Channeling Tao Lin


You might have issues with Tao Lin, and I certainly wouldn't blame you. He's one of those figures about whom many smart, thinking people feel they must have an opinion, kind of like Inception or the Arcade Fire, only with Lin, there is the sense that there is no ultimate "point" and we merely flatter him by wasting our time. Lin's anticipated new novel, Richard Yates, just came out, and any suspicion that this cusp-of-stardom/culmination-of-publicity-stunts moment has transformed him into a "serious artist" is dispelled in the first few paragraphs, as the reader follows an apparent gchat conversation between Dakota Fanning and Haley Joel Osment.

Still, Lin makes a great subject for sharp critics. I enjoyed the open-minded rigor and granular, let's-look-at-this-sentence analysis of Zach Baron's review for the Village Voice—a la Lin's noncommittal way, Baron concludes that it "kind of 'bums' us out." In Bookforum, Joshua Cohen expresses something far beyond mere bummed-out disappointment, pointing to Lin's innate "conservatism" and wondering what it means that Lin and a typically enthused, Lin-boosting blog commenter have essentially interchangeable styles. What's especially cutting, though, is Cohen's aping of Lin's style in the review's first few paragraphs:

I told him that I'd have to write the review in his style, then—submit it for publication and later, when the review came out, claim publicly that Lin wrote it for me. I'd have to write directly but without adverbs, without (illuminating or useful) adjectives. I would have to use regular language, few commas, and no semicolons; when I wrote something particularly hackneyed I'd have to put it between quotation marks. This would all be "work."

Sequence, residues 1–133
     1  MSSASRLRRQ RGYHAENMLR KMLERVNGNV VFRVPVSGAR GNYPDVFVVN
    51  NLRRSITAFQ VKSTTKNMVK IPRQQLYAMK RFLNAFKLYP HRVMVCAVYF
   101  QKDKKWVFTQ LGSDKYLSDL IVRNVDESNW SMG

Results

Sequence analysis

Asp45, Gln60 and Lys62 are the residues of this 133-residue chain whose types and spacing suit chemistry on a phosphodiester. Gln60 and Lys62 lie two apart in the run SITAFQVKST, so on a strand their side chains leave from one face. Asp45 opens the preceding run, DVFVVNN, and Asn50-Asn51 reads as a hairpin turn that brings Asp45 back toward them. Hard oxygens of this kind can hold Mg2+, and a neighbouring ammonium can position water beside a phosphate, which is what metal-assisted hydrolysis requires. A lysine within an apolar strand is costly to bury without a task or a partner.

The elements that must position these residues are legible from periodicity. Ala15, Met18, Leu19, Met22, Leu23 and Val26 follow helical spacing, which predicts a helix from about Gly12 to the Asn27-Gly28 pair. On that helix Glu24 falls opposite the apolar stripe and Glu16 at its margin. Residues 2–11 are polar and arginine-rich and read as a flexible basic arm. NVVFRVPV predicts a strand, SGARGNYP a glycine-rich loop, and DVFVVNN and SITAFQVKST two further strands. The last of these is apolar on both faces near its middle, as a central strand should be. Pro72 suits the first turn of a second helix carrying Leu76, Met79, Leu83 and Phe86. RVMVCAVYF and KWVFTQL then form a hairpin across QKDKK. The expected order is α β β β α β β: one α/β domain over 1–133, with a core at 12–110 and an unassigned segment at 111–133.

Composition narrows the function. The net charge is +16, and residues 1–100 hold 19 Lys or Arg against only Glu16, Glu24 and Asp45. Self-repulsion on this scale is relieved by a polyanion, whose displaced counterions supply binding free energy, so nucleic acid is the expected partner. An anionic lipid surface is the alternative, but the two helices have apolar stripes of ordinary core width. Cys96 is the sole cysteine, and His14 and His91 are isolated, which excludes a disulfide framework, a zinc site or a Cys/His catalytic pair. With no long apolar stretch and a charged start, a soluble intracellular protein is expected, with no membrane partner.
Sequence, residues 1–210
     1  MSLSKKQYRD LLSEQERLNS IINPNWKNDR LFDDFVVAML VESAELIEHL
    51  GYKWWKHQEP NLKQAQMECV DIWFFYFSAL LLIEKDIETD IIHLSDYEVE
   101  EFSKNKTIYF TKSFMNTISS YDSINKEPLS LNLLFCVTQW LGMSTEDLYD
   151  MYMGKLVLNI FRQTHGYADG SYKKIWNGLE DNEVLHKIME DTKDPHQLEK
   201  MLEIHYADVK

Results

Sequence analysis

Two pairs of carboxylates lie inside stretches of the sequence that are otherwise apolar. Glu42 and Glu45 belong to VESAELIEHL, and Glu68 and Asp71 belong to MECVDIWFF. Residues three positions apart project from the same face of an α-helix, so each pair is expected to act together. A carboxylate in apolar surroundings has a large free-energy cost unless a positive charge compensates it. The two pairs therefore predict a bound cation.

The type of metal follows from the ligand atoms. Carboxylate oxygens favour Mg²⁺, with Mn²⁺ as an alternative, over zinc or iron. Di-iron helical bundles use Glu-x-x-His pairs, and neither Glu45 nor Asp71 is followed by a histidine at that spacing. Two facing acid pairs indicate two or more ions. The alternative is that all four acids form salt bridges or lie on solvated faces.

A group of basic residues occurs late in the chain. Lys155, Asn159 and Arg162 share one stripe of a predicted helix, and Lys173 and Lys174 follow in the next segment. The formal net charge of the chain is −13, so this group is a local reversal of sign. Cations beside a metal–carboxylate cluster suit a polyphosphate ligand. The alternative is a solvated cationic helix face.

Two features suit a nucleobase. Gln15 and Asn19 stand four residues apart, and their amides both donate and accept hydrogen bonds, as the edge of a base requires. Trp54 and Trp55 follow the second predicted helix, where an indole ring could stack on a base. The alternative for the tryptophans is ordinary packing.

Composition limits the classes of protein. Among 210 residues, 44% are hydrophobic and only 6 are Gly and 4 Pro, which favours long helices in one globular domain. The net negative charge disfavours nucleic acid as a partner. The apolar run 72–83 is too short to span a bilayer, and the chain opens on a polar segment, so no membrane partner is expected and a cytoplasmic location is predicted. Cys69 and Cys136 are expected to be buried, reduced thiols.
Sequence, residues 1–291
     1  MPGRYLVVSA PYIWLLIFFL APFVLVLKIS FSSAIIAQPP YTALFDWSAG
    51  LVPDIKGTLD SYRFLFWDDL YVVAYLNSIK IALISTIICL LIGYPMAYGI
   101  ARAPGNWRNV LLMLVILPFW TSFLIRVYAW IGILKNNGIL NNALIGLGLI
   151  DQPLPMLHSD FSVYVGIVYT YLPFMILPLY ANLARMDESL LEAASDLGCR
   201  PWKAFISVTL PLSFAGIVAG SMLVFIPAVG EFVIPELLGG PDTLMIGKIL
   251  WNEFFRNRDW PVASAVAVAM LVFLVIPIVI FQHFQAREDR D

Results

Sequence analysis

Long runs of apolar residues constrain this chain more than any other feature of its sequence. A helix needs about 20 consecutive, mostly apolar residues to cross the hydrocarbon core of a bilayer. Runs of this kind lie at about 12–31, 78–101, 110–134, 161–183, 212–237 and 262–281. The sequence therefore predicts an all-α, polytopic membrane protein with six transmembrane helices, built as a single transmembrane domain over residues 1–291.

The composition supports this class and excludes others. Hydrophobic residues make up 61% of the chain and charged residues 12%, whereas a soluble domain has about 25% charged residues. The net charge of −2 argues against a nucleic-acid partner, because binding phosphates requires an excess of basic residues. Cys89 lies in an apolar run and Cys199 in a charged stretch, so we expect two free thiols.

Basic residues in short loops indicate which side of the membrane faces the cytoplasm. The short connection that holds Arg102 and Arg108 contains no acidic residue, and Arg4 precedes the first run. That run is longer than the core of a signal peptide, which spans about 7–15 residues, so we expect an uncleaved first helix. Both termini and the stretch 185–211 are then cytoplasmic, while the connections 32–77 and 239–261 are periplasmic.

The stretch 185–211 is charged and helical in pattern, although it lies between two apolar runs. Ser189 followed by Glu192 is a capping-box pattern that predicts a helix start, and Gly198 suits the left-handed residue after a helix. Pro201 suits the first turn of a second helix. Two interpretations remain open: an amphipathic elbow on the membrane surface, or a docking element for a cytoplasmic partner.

Christian Lorentzen beat Cohen to the punch with "Tao Lin Will Have the Scallops," a brilliant, playful and subtle piece for the Observer a few weeks back:

The Observer was sitting at his desk. It was Friday at 1:03 p.m. His Gmail was open, and the inbox showed a new message from Tao Lin. The subject of the message was "just confirming, 630pm five leaves."

The Observer replied, "Yes, and the assignment is fully confirmed. The profile of you will run in the Observer issue of August 18."

Tao Lin replied, "Sweet. Thank you."

A few minutes later, The Observer decided to write his profile of Tao Lin in Tao Lin's style. An editor came up to The Observer's desk to check on his work. The Observer told him there was no problem with his work. The editor seemed relieved.

Or was the "editor" "relieved?"

I like this kind of critical ventriloquism—a couple years back, Sam Anderson channeled Donald Barthelme for his Flying to America review, and in the New Literary History of America, there's a rousing Mary Gaitskill essay about Norman Mailer that exaggerates his brooding, macho, false-weariness of his work. But these examples (I'm sure there are many more...) are essentially homage, or an attempt to reckon with something knotty, difficult, contradictory. It's pretty clear why us critics might have fun scrutinizing Lin's style, and trying to figure out what is there, if anything. But why is it so beloved by his fans? Is it because the books deny the very possibilities of criticism and "deep thought"?

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Hua Hsu teaches in the English Department at Vassar College and writes about music, sports, and culture. More

Hua Hsu teaches in the English Department at Vassar College and writes about music, sports, and culture. His work has appeared in The Atlantic, The New York Times, Bookforum, Slate, The Village Voice, The Boston Globe Ideas section and The Wire (for whom he writes a bi-monthly column). He is on the editorial board for the New Literary History of America.
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